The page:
Car Trim

Trim - Crest - Page 3


Nothing else says "Classic Chevy" quite like those old v-shaped symbols that graced the hood/trunks of some of the classic '50's models... The Bel Air in question has one on the trunk, and even though it will likely end up hidden by the spare tire later, I'm going to model it anyway. It is geometrically simple to do, and relies on all the same basic techniques we have just learned.


First I created a 'V' shape in the front viewport. It is outlined in such a way so it can be made from quad polygons when projected and bridged... but since it is such a simple shape and on a relatively flat part of the car, you can get away with only a few points that define the outer corners/edges.

Make sure the spline is linear with no interpolation.


Next, you can position/scale the spline so that it lines up with where you want it projected on the car surface.

Of course it helps to do this from the front/back orthographic view, I'm just showing the perspective view for reference.



So, the next step is to project the spline to the trunk of the car (XY plane), and copy the points of the spline from the structure manager into the structure manager of an empty polygon object. Then, bridge the points to form the two polygons that make up the 'V'... you know the drill!


Select both polygons, and use the bevel tool twice to extrude the polygons outward... The first bevel is a smaller amount to create the base thickness, the second bevel sets up the structure for the 'V' that we will modify to create a nice angled face.


The easiest way to do this is to select the matching points of the outermost bevel and use the weld tool.

Here you can see the points in question.


And the result of the weld operation...

Not to worry about that triangle... we aren't using HyperNURBS for the 'V' crest, so a little triangle here won't hurt us.

You will want to select the resultant welded point and move it into a more aesthetic position.



After you have done all three welds required, you can have a better view on where to move the final points to make the crest look nice and uniform.



And it's as easy as that!

A quick render shows that it is just a small detail, maybe hardly worth the time it took as it stands a good chance of being hidden by other elements, but all practice is good practice!

And with that sentiment, let's practice putting some additional detail on the side of the car... namely the Bel Air logo. I've gone to the trouble of making a simple black and white image of the logo... you could use this actually to decal map a chrome bump right onto the side of the car... but I'm going to trace it with a spline and actually use geometry. Feel free to try the map method if you prefer though.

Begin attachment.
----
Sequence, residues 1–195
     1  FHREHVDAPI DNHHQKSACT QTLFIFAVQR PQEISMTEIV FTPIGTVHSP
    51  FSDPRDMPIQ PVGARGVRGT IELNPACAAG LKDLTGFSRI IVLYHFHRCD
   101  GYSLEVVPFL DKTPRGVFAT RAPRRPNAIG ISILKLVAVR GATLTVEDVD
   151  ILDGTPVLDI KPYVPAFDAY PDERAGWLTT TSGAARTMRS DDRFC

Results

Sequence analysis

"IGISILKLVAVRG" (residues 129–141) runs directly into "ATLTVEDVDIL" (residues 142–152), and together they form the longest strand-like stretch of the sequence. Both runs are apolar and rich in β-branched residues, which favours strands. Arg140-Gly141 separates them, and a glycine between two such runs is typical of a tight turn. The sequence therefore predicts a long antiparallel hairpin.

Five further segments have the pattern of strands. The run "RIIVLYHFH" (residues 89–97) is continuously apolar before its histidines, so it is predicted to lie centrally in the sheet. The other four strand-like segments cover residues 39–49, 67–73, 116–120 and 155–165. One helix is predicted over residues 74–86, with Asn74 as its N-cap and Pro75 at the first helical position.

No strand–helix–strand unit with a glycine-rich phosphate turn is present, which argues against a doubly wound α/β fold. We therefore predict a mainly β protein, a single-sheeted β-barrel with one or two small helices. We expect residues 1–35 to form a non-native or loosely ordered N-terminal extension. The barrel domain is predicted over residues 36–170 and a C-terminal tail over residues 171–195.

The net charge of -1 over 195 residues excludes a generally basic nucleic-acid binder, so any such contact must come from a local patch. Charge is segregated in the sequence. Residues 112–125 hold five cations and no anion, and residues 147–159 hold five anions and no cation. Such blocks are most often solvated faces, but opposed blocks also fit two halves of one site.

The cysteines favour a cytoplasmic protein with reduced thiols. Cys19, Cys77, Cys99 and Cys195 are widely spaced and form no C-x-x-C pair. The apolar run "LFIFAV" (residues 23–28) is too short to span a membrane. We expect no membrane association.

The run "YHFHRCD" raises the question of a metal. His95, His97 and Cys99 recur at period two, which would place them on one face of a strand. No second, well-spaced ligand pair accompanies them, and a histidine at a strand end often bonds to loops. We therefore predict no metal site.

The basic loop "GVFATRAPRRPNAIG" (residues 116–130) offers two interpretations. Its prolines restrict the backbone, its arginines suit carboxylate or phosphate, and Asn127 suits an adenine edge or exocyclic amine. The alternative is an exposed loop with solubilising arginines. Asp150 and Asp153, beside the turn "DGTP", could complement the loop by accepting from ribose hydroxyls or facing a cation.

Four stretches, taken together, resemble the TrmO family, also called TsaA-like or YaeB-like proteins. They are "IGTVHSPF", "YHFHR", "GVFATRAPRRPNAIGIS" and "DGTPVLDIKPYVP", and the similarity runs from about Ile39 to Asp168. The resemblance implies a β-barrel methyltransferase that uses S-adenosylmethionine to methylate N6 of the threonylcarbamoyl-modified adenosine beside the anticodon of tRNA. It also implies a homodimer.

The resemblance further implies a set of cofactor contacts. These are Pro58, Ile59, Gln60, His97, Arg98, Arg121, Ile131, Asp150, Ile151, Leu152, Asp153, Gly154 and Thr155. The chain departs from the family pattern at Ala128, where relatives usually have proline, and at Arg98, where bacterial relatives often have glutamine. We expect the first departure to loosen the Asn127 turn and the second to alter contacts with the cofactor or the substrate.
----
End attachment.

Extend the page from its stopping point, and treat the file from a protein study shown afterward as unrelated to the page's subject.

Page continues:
And with that, I'll leave you alone as far as crests and logos go! There are a couple other small crests that could be put onto the car, but they wouldn't serve much more purpose in terms of teaching anything at this point. Besides, each car you attempt will have it's own requirements as far as logos & ornament treatment go, and you'll always be winging these parts of the model depending on the situation.

Let's move on to something with a slightly more universal application- the headlights.


So, my tracing of the logo text is basically one continuous closed spline. I didn't worry about making it linear or structuring it so that we could make even quad polygons from it... rather I intend to just extrude it as you likely would with any text.

To spare you the trouble of tracing it, you can have this file in zip or sit format.


Once you import (merge) the file into your car model, position and scale the spline appropriately.

Use the side view to position the spline in the little corner of trim on the middle rear part of the car as shown. Of course, you'll want a second logo on the other side of the car (but not mirrored or it will read right to left!).


Project the spline to the surface of the car using the ZY plane.

The amount of points on the spline should be adequate to follow the contour of the car object adequately...

Previously we would have now copied points to a polygon object and bridged them but we are going a different route this time.


Instead, I used an Extrude NURBS parent for the spline and gave it just a little bit of movement (Z or X depending on the position/direction of your spline axis).

I used a cap option with a linear rounding to give a slight bevel. You will have to fiddle with the numerical details on your own as the allowable parameters may differ from mine depending on the size of your model.